Saturday, July 03, 2021

Cartoon Saturday- Kyle's Little Sister and Long Distance

Jeong, BonHyung. Kyle's Little Sister 
June 22nd 2021 by JY (Yen Press)
E ARC provided by Edelweiss Plus

Grace is just entering 6th grade, and will be rejoining her older brother Kyle at school, where he is a popular and athletic 8th grader. Grace resents him, especially since her friend Jay has a crush on him. Their friend, Amy, often pushes Jay out of her comfort zone, and soon the girls have a falling out. Grace has worried about fitting in at middle school, since she is more of a quiet gamer, and now finds herself eating lunch alone. When popular but mean spirited Cam befriends her, "accidentally" bumping in to Amy and spilling things on her, Grace is a bit leery, but glad to have a friend. Cam continues her mean streak, refusing to let a new girl sit at their table, and asks to be introduced to Kyle, on whom she also has a crush. When Grace refuses, Cam cuts her off and is very mean. Amy and Jay, who have reached a d├ętente, see how Cam is treating Grace and tell Kyle about it. Kyle confronts Cam, which doesn't really help things. Will Grace be able to reconnect with her friends and find a way to be les resentful about her brother?
Strengths: Friend drama is a huge attraction when it comes to plots that my students request, and this has plenty of drama! Yen Press also publishes Svetlana Chmakova’s Awkward, Brave, and Crush which I have had to replace several times, and the themes are very similar. There's a wide range of middle school experiences, and we get a few glimpses of Grace's home life, which is supportive even though her father is away. There's also a decent amount of true-to-life middle school romance.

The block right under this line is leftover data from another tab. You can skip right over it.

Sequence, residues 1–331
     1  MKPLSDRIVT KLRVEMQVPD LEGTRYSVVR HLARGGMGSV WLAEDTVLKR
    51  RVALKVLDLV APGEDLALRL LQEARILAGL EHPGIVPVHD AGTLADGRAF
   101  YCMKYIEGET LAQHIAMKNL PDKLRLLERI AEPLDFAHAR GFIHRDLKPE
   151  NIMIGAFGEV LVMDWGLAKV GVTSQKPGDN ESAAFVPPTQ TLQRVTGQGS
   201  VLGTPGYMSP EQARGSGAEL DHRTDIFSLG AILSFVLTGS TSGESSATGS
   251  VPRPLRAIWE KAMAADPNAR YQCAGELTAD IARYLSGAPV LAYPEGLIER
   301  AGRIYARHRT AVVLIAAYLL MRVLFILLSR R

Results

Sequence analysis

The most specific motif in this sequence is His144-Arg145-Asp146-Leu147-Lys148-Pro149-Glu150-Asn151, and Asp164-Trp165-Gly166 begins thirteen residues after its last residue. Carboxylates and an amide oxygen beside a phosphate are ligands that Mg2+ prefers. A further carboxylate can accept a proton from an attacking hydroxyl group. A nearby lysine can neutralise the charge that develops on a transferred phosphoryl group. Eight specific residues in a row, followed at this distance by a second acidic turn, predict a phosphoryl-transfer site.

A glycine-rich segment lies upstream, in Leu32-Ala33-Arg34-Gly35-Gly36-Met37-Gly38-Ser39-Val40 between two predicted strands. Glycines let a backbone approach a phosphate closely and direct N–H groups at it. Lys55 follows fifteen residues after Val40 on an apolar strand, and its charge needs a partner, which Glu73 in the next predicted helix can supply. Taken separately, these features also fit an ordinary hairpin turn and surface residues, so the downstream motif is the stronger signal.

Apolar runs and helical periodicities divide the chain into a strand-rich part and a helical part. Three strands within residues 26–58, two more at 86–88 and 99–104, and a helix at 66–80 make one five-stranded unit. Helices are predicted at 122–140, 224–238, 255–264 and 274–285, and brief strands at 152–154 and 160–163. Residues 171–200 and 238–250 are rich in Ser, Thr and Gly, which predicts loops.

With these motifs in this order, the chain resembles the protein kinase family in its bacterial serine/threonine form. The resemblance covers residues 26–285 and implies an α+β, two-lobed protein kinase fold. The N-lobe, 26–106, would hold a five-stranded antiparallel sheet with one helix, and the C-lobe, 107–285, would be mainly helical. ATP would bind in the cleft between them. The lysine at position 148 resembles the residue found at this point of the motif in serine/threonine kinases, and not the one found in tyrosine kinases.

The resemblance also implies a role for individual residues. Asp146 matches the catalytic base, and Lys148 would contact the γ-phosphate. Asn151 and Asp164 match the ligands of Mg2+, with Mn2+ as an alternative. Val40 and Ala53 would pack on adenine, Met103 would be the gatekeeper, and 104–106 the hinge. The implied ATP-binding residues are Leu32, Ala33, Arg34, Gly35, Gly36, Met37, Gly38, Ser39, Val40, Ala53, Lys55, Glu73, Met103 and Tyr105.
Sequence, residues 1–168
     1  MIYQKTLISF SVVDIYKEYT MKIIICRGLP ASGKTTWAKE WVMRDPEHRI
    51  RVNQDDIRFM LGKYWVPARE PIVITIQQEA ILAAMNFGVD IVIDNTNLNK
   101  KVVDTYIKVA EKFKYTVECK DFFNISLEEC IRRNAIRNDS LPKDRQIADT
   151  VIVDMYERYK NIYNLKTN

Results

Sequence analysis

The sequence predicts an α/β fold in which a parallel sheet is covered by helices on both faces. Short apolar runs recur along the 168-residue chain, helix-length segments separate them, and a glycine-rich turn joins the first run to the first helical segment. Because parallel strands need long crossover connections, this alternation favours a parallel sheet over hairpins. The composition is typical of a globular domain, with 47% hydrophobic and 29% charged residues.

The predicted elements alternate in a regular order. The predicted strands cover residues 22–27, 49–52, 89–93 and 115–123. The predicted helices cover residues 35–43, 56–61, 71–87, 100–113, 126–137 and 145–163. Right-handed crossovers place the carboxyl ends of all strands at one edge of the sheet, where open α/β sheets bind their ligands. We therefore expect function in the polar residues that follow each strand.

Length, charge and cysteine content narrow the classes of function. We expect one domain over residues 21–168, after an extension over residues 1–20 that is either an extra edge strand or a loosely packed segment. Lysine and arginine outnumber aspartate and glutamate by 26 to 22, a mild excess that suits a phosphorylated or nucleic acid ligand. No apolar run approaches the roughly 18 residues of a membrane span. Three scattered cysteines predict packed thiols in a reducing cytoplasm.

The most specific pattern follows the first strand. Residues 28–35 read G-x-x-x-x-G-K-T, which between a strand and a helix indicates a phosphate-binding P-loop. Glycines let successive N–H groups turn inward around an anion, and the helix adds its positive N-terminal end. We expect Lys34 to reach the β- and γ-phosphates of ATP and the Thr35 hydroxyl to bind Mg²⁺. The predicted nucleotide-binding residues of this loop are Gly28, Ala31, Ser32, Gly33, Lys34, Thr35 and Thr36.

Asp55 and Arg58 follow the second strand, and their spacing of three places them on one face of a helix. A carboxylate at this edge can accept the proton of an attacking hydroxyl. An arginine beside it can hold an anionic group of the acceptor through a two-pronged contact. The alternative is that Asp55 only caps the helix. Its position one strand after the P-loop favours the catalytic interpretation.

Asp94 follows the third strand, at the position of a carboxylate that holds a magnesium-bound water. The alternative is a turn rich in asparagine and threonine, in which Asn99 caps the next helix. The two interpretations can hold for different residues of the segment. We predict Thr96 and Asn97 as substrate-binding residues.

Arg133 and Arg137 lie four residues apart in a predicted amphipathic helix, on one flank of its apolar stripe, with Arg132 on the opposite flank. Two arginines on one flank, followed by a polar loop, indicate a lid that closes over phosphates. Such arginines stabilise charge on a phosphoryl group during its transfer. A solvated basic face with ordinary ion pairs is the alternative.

Weaknesses: Grace is perhaps the single most challenging character I have ever encountered. The cover is very indicative of her every sulking move in the book. She's not even very nice to Amy and Jay. The art style will appeal to younger readers, but the manga style always makes me think that the story is being performed by the cast of Speed Racer
What I really think: I personally do not understand the appeal of Telgemeier's story lines (would anyone read a novel about dental trauma?), but this tale of mean girl drama in middle school will probably go over well with my students, who even like the Tessier and Amandine Chloe graphic novels, which make me cringe whenever they are checked out. Will probably purchase, but this was not a personal favorite. It's probably "toxic positivity" to suggest that maybe if we quit telling students to be anxious about middle school, they will stop being so anxious.

Gardner, Whitney. Long Distance
June 29th 2021 by Simon Schuster Books for Young Readers
E ARC provided by Edelweiss Plus

Vega is very unhappy when her dads move her from Portland to Seattle, especially since she has to leave her best friend Halley, who shares her love of space. To add insult to injury, they send her to a summer camp for kids who have trouble making friends. The counselors are a bit odd, and there are strange goings on in the woods as well. One camper, George, seems to have an especially close connection to the camp (he claims his parents run it, but they are never seen), and changes personalities constantly-- and they are all annoying. Vega does befriend Qwerty, who is also from Portland, as well as bunkmate Gemma and her brother Isaac. There are other campers, but it is these four who come across strange technology that seems to control the counselors, and seems to be somehow connected to George. Vega is very worried about her friendship with Halley, since her phone isn't working and she is getting no messages back from her best friend, after seeing Halley post pictures of herself with some new friends. When the suspicious technology leads the campers to find out the true nature of the camp, they must convince George that friendships are possible even when people are far apart from each other, a lesson which Vega is also able to apply to her situation with Halley.